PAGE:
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Illicit Finance Must Remain High on the Agenda as G20 Leaders Announce Pandemic Response Measures

Denisse Rudich, Director, G20 Research Group London

This is a G20 presidency of firsts: the first time the event has been held in a virtual format, the first summit dedicated to fighting a global pandemic, the first time that corruption has been elevated to ministerial level, and the first time that the global anti-money laundering and counter financing of terrorism (AML/CFT) standard setter has been invited to participate in the summit itself.

On the first day of the Riyadh Summit, G20 leaders discussed pandemic preparedness and response. G20 members have spent USD$21 billion to combat COVID-19 and have injected $11 trillion into the global economy. The G20 also adopted a Debt Service Suspension Initiative (DSSI), which released $14 billion in liquidity to allow indebted countries to fight the pandemic. Multilateral development banks are also planning to provided $75 billion to DSSI-eligible countries as part of a $230 billion commitment for emerging and low-income countries. There are astronomical amounts of public funds flowing through international financial systems.

The G20 leaders also spoke about the need for equitable, universal and fair distribution of COVID-19 medical supplies, including diagnostics equipment, medicines, treatments and vaccines. The Access to Pandemic Tools (APT) initiative has been launched. The COVAX Facility and Access to COVID-19 Tools (ACT) Accelerator is also operational but requires additional funding. These initiatives represent a global collaboration for the development, production and equitable access to COVID-19 tests, treatments and vaccines. Although there is a current financial shortfall of $5 billion, the aim is to get 2 billion vaccines out into the developing world by 2021.

German chancellor Angela Merkel stressed that "No one is safe until everyone is safe."

It is essential that the G20 works with its multilateral partners and at domestic levels to put in place financial and quality controls and mechanisms that promote transparency and accountability in public procurement and supplier distribution channels. It is also essential that the various anti-corruption measures discussed by the G20's Anti-Corruption Working Group are also adopted. This could go a long way to ensuring that the vast amounts of funds being distributed benefit society. And it is essential that G20 members work with their partners to prevent the laundering of vast quantities of assets and to guard against the harm caused by siphoning funds away from health services and by the sale of counterfeit vaccines or poor quality medical supplies. This could have devastating effects including further loss of human life.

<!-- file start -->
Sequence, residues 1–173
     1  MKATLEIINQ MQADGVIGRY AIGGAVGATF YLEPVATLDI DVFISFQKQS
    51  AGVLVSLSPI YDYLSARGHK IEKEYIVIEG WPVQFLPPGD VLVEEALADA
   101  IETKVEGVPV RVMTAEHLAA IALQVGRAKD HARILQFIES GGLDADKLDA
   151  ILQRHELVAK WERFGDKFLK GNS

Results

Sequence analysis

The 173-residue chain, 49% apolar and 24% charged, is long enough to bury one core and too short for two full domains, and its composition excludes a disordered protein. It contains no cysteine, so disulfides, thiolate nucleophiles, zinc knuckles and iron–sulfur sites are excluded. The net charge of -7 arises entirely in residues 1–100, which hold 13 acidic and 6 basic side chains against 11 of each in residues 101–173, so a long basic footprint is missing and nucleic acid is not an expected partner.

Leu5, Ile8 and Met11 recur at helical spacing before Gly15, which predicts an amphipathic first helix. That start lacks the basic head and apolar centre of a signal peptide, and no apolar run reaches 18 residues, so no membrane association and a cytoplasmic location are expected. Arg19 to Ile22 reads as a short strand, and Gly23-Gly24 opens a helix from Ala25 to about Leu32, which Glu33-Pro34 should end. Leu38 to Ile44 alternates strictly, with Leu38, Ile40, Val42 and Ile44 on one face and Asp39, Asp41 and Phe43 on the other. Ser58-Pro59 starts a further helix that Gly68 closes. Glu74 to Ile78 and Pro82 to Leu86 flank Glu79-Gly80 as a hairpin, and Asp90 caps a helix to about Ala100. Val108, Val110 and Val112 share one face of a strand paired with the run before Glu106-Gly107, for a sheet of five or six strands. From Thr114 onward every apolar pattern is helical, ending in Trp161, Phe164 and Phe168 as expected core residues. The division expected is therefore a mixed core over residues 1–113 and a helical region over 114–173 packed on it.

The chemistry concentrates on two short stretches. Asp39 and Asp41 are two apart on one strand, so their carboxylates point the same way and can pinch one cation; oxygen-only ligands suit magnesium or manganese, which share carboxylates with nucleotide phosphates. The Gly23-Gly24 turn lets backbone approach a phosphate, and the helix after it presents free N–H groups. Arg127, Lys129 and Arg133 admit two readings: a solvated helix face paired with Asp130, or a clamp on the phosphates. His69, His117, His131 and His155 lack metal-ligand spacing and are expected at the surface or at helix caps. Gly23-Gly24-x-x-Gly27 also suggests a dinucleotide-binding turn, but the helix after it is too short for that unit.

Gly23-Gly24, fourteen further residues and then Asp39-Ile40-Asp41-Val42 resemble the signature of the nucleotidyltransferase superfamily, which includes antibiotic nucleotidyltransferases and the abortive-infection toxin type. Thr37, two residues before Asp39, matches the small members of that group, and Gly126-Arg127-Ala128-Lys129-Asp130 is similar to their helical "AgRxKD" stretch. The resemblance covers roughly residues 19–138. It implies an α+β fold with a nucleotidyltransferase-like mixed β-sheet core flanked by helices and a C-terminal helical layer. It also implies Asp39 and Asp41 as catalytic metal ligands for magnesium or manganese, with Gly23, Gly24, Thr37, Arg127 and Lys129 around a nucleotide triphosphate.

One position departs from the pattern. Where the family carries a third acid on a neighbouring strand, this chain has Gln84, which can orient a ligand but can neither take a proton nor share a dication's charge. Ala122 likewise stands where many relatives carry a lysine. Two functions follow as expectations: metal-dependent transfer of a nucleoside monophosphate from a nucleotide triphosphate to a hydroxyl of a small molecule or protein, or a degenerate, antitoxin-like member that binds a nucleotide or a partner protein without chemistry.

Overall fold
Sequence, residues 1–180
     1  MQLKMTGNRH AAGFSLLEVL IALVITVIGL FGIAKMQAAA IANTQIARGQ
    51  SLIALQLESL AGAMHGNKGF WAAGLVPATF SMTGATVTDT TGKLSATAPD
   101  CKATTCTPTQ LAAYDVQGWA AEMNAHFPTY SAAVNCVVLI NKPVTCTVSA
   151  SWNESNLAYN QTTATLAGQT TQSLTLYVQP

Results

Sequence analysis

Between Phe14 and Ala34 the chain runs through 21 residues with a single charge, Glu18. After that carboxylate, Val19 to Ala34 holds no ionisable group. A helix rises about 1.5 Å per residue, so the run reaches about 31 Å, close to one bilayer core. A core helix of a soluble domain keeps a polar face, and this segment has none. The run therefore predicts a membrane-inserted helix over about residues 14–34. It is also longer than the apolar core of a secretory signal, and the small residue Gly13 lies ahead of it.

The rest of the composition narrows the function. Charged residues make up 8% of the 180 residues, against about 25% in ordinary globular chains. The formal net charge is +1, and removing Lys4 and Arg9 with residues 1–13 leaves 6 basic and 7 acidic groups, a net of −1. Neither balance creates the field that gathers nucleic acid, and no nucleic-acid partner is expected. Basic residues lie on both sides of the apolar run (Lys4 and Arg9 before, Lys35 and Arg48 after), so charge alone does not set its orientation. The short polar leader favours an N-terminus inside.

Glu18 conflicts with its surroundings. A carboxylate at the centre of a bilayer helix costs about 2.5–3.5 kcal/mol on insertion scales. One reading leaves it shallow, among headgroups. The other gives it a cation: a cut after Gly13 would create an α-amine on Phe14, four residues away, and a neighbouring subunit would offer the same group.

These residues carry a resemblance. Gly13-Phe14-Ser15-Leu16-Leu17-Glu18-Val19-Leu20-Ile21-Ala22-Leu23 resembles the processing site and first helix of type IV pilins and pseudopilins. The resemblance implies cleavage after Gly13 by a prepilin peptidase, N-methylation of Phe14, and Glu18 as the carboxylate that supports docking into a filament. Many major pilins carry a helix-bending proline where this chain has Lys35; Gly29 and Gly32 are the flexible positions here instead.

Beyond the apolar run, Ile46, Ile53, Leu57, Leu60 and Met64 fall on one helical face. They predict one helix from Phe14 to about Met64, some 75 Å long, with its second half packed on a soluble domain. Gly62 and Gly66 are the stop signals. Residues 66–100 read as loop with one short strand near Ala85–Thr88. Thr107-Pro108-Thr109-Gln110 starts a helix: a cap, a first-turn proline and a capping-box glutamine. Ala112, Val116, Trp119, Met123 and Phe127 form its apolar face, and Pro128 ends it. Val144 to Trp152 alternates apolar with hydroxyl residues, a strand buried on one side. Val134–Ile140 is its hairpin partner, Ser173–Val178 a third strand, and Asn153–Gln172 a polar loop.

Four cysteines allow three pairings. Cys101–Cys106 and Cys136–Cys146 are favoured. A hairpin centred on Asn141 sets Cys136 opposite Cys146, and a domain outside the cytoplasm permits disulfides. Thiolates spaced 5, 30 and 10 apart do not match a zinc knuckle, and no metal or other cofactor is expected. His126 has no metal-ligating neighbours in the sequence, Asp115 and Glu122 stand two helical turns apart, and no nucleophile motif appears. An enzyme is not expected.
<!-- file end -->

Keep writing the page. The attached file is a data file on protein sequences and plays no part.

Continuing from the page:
At the summit, Marcus Pleyer, president of the Financial Action Task Force, told leaders:

The pandemic has spawned a rise in financial crime. We have seen new COVID-specific crime patterns, such as the counterfeiting of medical goods and scams to exploit economic stimulus measures. Businesses at risk of going bust can be exploited, with criminals taking them over or supplying cash to launder. Real estate, construction, as well as small and medium sized businesses in general, appear to be particularly vulnerable. And with rising numbers of people out of work, there is an increased chance of the vulnerable being used as money mules – for criminals to launder their illicit cash.

The COVID-19–triggered economic downturn and global crisis coupled with rampant public spending presents the perfect opportunity for criminals to profit. Illicit finance and anti-corruption initiatives must also remain high on the G20's agenda, including at next year's G20 summit hosted by Italy.

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Denisse RudichDenisse Rudich is Director of the London office of the G7 and G20 Research Groups and founder of Rudich Advisory. She has held various positions in financial crime prevention, including head of anti-money laundering and counter-terrorist financing policy at RBS and as strategic advisor to Rabobank. She has served with the World Economic Forum's Global Coalition to Fight Financial Crime, set up the first global AML/CFT working group for the crypto industry, advises the Sentry, and acts as a technical expert to the Joint Working Group of InterVASP Messaging Standards.

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